Acme Lead Screw:

Acme lead screws have a 29 degree thread angle. An Acme lead screw is less efficient than a square thread, but is easier to machine.


The lost motion or looseness (play) between the balls in the nut and the threads on the screw. In the case of ball screws, it refers to how much the ballnut can be moved back and forth without moving along the length of the screw.

Learn more on measuring for ball screw backlash and table movement.

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Ball Screw:

Explore the intricacies of ball screws in this article: What is a Ball Screw?.

Ball Screw vs Acme Lead Screw:

A ball screw is a mechanical device that translates rotational motion to linear motion.  Ball screws are typically 90% efficient at converting input torque to thrust.  Compared to lead screws, ball screws are generally more bulky, because of the need to have a mechanism to re-circulate the balls.  Typically, their design allows for multiple repair options to extend the life of the ball screw without full replacement.


A form of mechanical damage in which metal is displaced or upset without attrition. It is a permanent deformation of the ball track. Brinelling usually results from excessive load. This is an indication of material surface fatigue, usually indicating the end of life, may be able to be removed with regrind option depending on amount/depth.  If the ball screw has not reached its expected life, this may be a sign of overload or an indication that the ball screw is experiencing radial loads.


The closed path of recirculating balls in a nut.

Compression Load:

A load that would tend to buckle or compress the ball screw shaft.

Critical Speed:

The angular velocity at which the screw (or nut) develops severe vibrations. Learn more in design resources section.


The complete forward and reverse motion of the screw (or nut) in moving the load.


The range through which a nut can be turned without engaging the balls.

Dynamic Load:

The maximum load that a ball screw assembly can maintain for a prescribed length of travel.


A condition whereby excessive friction between high spots results in localized welding with subsequent splitting and a further roughening of rubbing surfaces of one or both of two mating parts. This is an indication of material surface fatigue, usually indicating the end of life, may be able to be removed with regrind option depending on amount/depth.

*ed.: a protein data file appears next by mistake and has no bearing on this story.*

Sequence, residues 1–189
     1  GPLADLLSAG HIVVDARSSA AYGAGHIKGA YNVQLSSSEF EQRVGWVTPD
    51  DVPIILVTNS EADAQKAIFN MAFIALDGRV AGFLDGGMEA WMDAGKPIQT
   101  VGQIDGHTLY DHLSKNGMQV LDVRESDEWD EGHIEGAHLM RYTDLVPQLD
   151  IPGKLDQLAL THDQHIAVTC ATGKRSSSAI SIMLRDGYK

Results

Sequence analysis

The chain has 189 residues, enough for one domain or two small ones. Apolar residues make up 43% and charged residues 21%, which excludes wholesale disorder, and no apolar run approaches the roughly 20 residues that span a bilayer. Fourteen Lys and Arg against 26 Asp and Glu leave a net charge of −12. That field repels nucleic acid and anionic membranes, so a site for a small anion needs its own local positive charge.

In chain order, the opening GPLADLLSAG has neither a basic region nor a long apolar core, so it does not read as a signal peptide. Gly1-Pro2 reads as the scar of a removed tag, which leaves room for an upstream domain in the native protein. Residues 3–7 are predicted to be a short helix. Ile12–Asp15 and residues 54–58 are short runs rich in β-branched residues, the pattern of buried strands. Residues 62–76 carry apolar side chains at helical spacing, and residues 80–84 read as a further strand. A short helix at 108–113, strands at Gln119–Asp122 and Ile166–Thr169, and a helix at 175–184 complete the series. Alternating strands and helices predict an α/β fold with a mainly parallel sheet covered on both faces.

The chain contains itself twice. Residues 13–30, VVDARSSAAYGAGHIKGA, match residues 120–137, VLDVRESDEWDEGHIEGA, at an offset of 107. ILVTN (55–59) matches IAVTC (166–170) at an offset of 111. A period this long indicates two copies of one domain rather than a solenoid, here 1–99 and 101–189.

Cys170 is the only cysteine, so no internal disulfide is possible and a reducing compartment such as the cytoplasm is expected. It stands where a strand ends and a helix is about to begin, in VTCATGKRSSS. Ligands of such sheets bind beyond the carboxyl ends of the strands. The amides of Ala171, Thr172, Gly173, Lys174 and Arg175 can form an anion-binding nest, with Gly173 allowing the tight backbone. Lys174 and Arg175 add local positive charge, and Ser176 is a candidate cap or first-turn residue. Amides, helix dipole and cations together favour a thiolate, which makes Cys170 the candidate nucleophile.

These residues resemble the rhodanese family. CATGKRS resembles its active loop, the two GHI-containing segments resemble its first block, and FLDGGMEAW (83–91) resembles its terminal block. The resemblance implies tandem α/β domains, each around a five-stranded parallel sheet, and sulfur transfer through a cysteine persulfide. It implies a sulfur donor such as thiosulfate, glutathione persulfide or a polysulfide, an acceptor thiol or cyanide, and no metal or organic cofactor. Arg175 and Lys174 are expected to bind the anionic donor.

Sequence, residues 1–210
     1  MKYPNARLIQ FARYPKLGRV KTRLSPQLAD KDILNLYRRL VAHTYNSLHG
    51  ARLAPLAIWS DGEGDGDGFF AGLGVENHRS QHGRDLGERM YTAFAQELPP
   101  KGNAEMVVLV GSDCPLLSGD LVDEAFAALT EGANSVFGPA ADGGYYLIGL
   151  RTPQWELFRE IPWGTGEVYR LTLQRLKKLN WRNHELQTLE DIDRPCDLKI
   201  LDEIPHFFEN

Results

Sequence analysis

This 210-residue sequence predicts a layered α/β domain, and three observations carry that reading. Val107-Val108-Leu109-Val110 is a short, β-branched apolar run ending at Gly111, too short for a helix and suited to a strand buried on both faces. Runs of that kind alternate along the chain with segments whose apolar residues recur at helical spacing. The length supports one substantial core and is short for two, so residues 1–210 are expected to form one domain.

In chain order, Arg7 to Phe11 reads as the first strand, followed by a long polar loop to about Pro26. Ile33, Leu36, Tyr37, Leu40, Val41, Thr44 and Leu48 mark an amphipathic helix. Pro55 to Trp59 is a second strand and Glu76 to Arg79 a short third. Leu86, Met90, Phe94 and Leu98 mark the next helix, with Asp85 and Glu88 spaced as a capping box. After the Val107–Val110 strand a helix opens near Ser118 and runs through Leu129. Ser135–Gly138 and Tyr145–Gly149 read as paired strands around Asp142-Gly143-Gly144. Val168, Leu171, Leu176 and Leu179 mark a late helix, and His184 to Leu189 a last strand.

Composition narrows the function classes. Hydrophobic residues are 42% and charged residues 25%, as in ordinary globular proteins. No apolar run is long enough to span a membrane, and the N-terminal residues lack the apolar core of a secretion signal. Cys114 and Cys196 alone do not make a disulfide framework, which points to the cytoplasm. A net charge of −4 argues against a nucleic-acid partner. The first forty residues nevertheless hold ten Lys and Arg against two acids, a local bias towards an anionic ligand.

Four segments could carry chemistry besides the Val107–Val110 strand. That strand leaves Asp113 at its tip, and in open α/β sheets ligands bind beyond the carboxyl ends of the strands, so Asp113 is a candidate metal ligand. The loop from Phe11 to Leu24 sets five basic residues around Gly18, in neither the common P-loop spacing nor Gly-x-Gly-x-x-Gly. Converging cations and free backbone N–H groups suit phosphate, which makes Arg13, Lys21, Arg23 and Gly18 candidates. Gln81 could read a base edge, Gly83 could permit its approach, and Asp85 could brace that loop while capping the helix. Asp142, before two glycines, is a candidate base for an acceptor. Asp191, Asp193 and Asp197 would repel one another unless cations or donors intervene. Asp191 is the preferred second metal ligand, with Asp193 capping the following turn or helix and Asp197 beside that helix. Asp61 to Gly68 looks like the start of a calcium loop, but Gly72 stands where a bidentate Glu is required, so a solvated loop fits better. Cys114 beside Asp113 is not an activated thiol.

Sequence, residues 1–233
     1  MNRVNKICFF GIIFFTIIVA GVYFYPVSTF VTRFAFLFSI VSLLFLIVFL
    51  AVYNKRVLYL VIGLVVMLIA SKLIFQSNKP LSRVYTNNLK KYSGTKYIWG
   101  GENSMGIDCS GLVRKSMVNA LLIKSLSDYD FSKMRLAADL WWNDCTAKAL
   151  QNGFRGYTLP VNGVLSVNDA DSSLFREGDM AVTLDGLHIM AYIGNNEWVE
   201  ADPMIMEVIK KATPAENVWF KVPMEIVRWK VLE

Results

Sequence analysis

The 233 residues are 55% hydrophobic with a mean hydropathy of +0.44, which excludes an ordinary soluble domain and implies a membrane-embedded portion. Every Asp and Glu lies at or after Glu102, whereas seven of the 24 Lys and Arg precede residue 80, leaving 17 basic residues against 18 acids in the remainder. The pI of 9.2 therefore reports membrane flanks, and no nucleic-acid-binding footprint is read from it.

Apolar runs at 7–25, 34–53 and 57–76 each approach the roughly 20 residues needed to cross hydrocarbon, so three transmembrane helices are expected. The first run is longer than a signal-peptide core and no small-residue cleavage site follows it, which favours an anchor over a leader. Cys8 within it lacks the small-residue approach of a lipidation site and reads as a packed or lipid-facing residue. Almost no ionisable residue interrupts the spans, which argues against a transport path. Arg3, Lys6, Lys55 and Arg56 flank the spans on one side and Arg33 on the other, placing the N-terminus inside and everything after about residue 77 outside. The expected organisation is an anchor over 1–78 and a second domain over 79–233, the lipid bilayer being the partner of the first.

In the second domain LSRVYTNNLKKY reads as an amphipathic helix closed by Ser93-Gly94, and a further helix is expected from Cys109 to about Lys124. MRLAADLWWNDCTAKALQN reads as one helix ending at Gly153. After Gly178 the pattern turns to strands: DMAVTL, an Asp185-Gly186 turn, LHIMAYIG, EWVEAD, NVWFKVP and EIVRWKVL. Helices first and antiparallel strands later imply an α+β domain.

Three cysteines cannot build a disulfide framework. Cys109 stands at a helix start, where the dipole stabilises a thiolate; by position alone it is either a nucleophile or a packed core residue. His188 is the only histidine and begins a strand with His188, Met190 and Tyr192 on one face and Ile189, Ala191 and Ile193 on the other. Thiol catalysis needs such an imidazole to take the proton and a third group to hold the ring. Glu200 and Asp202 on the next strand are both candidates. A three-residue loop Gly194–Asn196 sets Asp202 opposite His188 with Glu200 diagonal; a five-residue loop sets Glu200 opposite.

Lead is the amount of linear advance caused by one revolution of the leadscrew (lead = 1/Pitch).

Lead Error:

The error in lead length per turn, compared to the basic lead specified. Lead error in the manufacturing of the ball screw is dictated by the manufacturing process; with Precision Grinding producing the lowest amount of error.


The useful life of a ball screw assembly, usually given in terms of one million inches of travel. Learn more in design resources section.

Load Ball:

A ball that carries a portion of the load force (see Spacer Ball).

Multiple Circuit Nut:

A nut containing more than one closed recirculating ball path in a recirculating ball screw.

Multiple Start Screw:

A screw with more than one lead or start. Ball screws and Acme screws can have multiple starts.


The number of threads per inch or millimeter (Pitch = 1/Lead). Multiple Start Screws will yield a different threads per inch or millimeter.

Pitch Diameter:

The diameter of a theoretical cylinder passing through the centers of the ball bearings.

Root Diameter:

The minor diameter of the screw shaft measured at the root of the ball grooves.

Single Circuit Nut: 

A nut containing only one closed recirculating path.

Spacer Ball: 

A smaller ball, used as an idler, which prevents friction between load balls, but does not carry a load itself.

Static Load:

The maximum non-operating load capacity at which brinelling of the ball track or plastic deformation of the balls will not occur.


Determined primarily by the number and size of balls in engagement and, to a certain extent, by the preload and type of nut mounting.

Tension Load:

A load that would tend to stretch the ball shaft.

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